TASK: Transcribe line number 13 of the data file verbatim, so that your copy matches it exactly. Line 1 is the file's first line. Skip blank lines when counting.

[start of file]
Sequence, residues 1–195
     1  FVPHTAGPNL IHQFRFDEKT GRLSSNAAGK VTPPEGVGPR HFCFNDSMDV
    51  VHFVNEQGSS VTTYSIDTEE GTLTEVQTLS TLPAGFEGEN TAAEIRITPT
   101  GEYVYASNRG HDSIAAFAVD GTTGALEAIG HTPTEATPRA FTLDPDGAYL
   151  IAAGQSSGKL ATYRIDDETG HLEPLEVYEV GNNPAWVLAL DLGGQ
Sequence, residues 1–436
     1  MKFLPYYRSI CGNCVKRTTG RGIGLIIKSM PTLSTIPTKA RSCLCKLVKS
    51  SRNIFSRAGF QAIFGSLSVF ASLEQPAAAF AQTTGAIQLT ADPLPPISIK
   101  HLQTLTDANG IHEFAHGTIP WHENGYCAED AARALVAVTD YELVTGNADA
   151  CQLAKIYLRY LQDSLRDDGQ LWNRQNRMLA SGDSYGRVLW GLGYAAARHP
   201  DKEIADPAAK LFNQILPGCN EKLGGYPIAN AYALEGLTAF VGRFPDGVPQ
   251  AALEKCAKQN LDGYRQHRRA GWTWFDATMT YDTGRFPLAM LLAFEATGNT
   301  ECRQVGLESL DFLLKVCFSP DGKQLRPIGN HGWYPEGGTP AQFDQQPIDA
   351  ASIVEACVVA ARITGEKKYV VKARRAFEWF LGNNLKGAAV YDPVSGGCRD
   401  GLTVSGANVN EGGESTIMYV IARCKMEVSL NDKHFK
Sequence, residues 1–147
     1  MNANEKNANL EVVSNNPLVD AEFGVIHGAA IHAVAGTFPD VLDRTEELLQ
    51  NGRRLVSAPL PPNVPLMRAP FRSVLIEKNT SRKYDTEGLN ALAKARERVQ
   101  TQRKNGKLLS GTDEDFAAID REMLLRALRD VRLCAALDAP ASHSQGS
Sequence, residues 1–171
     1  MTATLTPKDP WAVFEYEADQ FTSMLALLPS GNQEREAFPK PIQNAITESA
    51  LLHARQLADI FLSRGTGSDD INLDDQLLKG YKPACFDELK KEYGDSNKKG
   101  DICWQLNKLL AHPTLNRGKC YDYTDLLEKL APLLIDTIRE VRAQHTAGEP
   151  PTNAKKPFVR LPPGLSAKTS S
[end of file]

   301  ECRQVGLESL DFLLKVCFSP DGKQLRPIGN HGWYPEGGTP AQFDQQPIDA